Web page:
Mark Zuckerberg held his own in a half-day of Senate grilling Tuesday, but lawmakers managed to throw the 33-year-old off-script a couple of times, and elicited a few nuggets of new information about Facebook’s role in the 2016 election.
In five hours of testimony before a joint hearing of the Senate’s Judiciary and Commerce committees, Zuckerberg replayed the line of defense he started airing last month after new details of the 2014 Cambridge Analytica data spill threw an intense spotlight on Facebook’s practices. More than once he apologized and accepted responsibility, outlined the company’s steps to improve, and gently resisted suggestions that Facebook acted in violation of an FTC consent decree or its own policies.
It was nearly two hours in before Zuckerberg appeared to be taken by surprise. That was when Sen. Richard Blumenthal (D-CT) interrogated Zuckerberg about the app at the center of Facebook’s current troubles. Called “This Is Your Digital Life,” that app was used by data researcher Aleksandr Kogan to gather profile information on as many as 87 million Facebook users.
Facebook’s position is that Kogan, through his firm GSR, violated Facebook’s rules when he transferred the harvested data to the shady campaign consulting firm Cambridge Analytica. But Blumenthal produced a poster board blow-up showing an excerpt from the app’s terms-of-service, which explicitly spelled out Kogan’s intentions.: “[Y]ou permit GSR to edit, copy, disseminate, publish, transfer, append or merge with other databases, sell, license (by whatever means and on whatever terms) and archive your contribution and data.”
According to Blumenthal, Kogan submitted that language to Facebook’s app review team as part of the approval process. “Facebook was on notice that he could sell that user information,” Blumenthal charged. “Have you see those terms of service before?”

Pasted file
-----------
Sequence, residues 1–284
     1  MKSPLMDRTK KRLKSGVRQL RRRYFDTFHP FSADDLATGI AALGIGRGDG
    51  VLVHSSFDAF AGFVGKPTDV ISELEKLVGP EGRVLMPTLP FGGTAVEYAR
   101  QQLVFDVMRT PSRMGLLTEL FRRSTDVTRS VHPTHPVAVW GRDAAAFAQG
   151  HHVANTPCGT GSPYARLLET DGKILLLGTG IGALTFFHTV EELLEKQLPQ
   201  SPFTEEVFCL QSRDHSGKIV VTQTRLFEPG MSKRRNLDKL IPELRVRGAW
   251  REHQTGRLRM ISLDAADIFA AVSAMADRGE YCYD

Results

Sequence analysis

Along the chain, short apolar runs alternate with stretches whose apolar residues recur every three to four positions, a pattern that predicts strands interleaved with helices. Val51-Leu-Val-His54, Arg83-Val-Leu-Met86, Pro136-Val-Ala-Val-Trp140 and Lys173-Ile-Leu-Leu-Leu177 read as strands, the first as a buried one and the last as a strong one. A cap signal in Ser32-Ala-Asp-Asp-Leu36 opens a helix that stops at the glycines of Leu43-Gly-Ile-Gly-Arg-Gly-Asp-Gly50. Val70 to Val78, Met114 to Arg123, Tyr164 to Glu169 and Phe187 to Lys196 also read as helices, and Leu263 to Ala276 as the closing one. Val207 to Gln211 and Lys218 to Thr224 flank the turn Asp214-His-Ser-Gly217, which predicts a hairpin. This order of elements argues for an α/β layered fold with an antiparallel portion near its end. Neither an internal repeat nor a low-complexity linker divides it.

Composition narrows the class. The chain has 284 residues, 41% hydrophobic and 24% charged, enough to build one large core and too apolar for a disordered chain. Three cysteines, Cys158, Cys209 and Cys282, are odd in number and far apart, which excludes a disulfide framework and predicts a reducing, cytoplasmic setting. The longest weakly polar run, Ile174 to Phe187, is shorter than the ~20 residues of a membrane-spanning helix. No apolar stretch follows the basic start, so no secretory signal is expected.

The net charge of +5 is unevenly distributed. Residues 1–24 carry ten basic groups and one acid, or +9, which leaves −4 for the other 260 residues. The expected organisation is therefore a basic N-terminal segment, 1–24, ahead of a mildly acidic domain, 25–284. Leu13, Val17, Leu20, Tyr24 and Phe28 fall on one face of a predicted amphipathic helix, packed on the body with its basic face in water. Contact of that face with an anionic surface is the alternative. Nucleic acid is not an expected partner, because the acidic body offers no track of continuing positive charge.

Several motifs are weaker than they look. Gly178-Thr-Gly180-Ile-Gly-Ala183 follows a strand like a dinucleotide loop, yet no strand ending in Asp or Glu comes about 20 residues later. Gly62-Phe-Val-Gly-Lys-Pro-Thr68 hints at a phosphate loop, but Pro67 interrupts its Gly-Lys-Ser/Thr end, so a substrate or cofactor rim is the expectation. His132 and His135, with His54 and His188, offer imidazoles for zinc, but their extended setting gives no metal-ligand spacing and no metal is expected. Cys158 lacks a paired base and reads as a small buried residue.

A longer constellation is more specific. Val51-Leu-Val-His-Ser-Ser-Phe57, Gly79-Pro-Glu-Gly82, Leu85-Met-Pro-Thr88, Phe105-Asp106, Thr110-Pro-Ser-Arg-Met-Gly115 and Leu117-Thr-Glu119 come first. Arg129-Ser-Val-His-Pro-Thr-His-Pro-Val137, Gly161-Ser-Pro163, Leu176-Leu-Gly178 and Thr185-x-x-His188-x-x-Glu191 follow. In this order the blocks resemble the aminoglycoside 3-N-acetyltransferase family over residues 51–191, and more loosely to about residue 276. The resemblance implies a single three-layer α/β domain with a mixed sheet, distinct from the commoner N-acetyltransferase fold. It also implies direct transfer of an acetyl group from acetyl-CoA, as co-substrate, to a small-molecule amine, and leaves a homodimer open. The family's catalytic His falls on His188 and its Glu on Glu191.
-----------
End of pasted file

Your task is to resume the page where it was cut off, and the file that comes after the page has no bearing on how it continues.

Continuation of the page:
“I have not,” Zuckerberg admitted, adding later, “It certainly appears that we should have been aware that this app developer submitted a term that was in conflict with the rules of the platform.”
The Kogan app isn’t the only time Facebook missed an opportunity to head off a privacy disaster. As The Daily Beast reported, the company separately ignored a security researcher’s 2013 report that a feature of Facebook’s search engine could be used to illicitly compile data on virtually all its users. In a written statement ahead of his testimony, Zuckerberg admitted the search engine loophole was later abused in exactly that way.
Elsewhere in his testimony, Zuckerberg laid out some of the behind-the-scenes work Facebook is doing to combat future Russian election interference operations. In addition to deleting about 550 accounts set up by the Internet Research Agency, Russia’s notorious troll farm, Facebook has purged an enormous number of accounts that appeared similar, but were hard to definitively link to Russia.
“There are many others that our systems catch that are more difficult to attribute to Russian intelligence,” Zuckerberg said. “But the number would be tens of thousands of accounts removed.”
“This is going to be an ongoing conflict,” Zuckerberg said later in the hearing. “I don’t think it would be a realistic expectation to assume that as long as there are people who are employed in Russia for whom this is their job, that we’re going to have zero amount of that, or that we’re going to be 100 percent successful at preventing that.”
While he faulted himself for acting too slow to counter the Internet Research Agency, Zuckerberg credited Facebook with acting early in the computer intrusion aspect of Russia’s election interference. In the heat of the 2016 campaign, he said, Facebook discovered that Russia’s hackers were targeting the candidates, and warned “the campaigns that they were trying to hack into them.”
That’s a new claim from Facebook, and one that was quickly challenged on Twitter by former Hillary Clinton campaign official Robby Mook. “This is not true. We were never notified.”
Facebook security chief Alex Stamos chimed in with a tweet clarifying Zuckerberg’s claim. According to Stamos, Facebook contacted the Democratic and Republican National Committees, rather than the candidates. “We contacted the DNC and RNC during this time to protect the accounts of key employees and to work together to spot potential additional malicious activity,” he wrote. “We also were in contact with the FBI.”